I name my database tables similar to as follows;

  • category
  • post
  • author

It makes more sense when doing a JOIN when reading, as follows

    `post`.`title` AS `post_title`,
    `category`.`title` AS `category_title`
FROM `post`
LEFT JOIN `category` ON (`post`.`category_id` = `category`.`id`)
WHERE `post`.`id` = 1;

As opposed to
    `posts`.`title` AS `post_title`,
    `categories`.`title` AS `category_title`
FROM `posts`
LEFT JOIN `categories` ON (`posts`.`category_id` = `categories`.`id`)
WHERE `posts`.`id` = 1;

In most cases you will be JOINing a single post to a single category. It also saves a few characters.

Foreign Keys

When defining foreign keys, as in the example above, when I reference the category in my post table, I use category_id. I use this both as a reference to the table I am running the JOIN statement with, as well as the field the JOIN takes place on.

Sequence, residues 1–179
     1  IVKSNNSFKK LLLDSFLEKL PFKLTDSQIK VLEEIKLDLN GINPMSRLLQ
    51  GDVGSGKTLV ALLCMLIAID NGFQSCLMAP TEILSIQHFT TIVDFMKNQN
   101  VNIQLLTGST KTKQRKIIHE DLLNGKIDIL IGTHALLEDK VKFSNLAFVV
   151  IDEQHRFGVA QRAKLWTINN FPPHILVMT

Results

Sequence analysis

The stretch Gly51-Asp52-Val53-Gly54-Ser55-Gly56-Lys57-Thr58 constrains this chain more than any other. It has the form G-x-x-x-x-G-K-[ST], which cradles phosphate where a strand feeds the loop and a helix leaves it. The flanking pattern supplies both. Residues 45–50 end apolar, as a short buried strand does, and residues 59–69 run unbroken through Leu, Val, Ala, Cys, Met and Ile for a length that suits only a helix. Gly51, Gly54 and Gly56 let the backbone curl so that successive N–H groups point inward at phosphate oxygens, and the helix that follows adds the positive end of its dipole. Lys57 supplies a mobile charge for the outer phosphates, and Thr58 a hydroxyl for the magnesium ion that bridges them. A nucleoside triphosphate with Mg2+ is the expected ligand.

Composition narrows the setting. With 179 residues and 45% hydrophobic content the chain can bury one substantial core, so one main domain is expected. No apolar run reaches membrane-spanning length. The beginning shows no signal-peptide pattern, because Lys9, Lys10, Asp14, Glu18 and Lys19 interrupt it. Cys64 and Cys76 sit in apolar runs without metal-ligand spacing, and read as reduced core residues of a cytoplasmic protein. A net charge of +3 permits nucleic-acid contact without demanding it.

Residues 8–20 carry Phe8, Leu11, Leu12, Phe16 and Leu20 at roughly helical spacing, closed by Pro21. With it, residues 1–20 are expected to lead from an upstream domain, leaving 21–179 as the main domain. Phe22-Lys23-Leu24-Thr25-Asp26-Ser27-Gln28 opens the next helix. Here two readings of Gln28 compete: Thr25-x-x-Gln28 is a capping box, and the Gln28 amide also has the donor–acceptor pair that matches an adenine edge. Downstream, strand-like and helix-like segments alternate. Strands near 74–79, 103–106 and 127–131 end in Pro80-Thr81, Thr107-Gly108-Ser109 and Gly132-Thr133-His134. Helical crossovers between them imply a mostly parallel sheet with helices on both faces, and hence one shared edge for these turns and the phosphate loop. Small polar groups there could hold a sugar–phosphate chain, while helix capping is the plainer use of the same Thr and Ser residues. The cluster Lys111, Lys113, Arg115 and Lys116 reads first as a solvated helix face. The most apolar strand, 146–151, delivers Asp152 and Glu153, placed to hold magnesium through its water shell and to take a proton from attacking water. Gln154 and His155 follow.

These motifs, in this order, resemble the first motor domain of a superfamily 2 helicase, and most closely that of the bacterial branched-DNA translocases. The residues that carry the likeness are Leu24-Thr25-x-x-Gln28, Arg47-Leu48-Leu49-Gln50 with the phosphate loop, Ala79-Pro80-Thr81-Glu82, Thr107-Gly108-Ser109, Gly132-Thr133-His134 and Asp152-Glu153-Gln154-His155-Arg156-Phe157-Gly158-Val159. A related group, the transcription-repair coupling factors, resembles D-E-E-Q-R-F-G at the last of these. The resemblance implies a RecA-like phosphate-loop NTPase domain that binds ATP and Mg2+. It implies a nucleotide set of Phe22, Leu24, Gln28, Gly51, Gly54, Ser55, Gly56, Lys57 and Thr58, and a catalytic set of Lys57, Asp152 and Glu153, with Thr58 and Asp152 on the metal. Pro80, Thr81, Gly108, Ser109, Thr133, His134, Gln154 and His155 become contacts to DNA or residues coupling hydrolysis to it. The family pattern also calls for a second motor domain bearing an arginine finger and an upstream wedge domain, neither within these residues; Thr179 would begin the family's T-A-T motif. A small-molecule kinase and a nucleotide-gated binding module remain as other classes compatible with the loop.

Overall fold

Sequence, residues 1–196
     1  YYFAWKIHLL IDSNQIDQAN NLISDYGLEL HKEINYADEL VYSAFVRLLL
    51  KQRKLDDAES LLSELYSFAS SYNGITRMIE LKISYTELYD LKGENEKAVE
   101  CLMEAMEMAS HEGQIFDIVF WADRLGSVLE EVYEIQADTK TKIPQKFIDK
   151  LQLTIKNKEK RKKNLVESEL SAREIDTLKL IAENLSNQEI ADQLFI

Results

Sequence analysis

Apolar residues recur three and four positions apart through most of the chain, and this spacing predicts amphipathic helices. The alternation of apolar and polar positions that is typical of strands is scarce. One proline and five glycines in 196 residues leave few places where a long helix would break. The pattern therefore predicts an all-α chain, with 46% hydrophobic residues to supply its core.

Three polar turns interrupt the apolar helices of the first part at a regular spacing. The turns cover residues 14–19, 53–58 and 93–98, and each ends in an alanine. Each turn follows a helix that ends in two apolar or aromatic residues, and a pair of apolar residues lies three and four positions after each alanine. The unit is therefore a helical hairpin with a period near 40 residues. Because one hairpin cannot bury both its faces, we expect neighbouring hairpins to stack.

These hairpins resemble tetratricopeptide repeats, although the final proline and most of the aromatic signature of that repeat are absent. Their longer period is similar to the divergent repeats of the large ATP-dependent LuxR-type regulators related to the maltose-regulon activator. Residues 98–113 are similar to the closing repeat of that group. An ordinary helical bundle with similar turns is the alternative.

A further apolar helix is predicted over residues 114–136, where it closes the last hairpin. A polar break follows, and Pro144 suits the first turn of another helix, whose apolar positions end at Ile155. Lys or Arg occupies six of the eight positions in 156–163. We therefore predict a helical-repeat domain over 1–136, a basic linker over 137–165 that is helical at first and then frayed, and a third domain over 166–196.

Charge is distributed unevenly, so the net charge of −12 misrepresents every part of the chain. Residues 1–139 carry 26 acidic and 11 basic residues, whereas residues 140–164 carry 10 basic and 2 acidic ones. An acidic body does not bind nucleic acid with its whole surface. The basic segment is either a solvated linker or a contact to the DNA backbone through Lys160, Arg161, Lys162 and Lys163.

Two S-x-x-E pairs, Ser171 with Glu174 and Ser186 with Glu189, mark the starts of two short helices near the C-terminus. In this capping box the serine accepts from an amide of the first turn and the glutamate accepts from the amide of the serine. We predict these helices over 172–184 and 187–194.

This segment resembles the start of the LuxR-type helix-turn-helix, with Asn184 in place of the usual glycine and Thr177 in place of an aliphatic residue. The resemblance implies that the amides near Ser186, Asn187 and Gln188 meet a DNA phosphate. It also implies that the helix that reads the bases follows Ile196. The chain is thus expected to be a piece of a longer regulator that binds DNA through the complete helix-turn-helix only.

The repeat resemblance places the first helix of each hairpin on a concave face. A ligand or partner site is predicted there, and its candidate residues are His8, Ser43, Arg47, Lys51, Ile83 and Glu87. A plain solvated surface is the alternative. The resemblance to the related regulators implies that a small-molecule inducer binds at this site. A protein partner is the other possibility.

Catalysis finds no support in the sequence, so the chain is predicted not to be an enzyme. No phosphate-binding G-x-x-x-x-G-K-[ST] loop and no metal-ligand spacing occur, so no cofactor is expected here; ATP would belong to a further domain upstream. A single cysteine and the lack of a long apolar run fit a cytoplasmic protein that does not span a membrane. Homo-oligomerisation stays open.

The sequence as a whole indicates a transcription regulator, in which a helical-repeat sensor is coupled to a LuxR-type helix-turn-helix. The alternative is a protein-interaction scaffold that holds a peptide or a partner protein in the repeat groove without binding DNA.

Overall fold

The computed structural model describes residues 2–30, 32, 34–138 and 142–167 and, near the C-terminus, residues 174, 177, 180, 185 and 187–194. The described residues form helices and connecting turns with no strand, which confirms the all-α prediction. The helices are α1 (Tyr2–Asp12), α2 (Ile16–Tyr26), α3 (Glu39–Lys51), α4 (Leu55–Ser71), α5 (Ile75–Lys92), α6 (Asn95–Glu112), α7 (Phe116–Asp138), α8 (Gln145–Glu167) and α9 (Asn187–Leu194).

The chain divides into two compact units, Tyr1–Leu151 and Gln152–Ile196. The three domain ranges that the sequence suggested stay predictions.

Basics for designing your Database Structure

Over the next few days I will be publishing a few tutorials, covering the basics of designing your database.  I will cover both Django Model design and manually creating Database using phpmyadmin for MySQL and some of the differences between the MySQL storage engines – InnoDB & MyISAM.

Expected tutorials (I will link to these once they are running)

Facebook Connect

Recently I started writing facebook connect, from scratch, into one of the sites I’m working on.  Its actually a very easy process.  The (new?) javascript library is very good, setting cookies for authentication etc.

After actually having authenticated myself within my own site (facebook side) there is still quite a lot to do.

  • Creating / Updating accounts  – Uses the REST api.  I’ve got the account details, just need to use them
  • Authenticating the user automatically using the standard Django auth.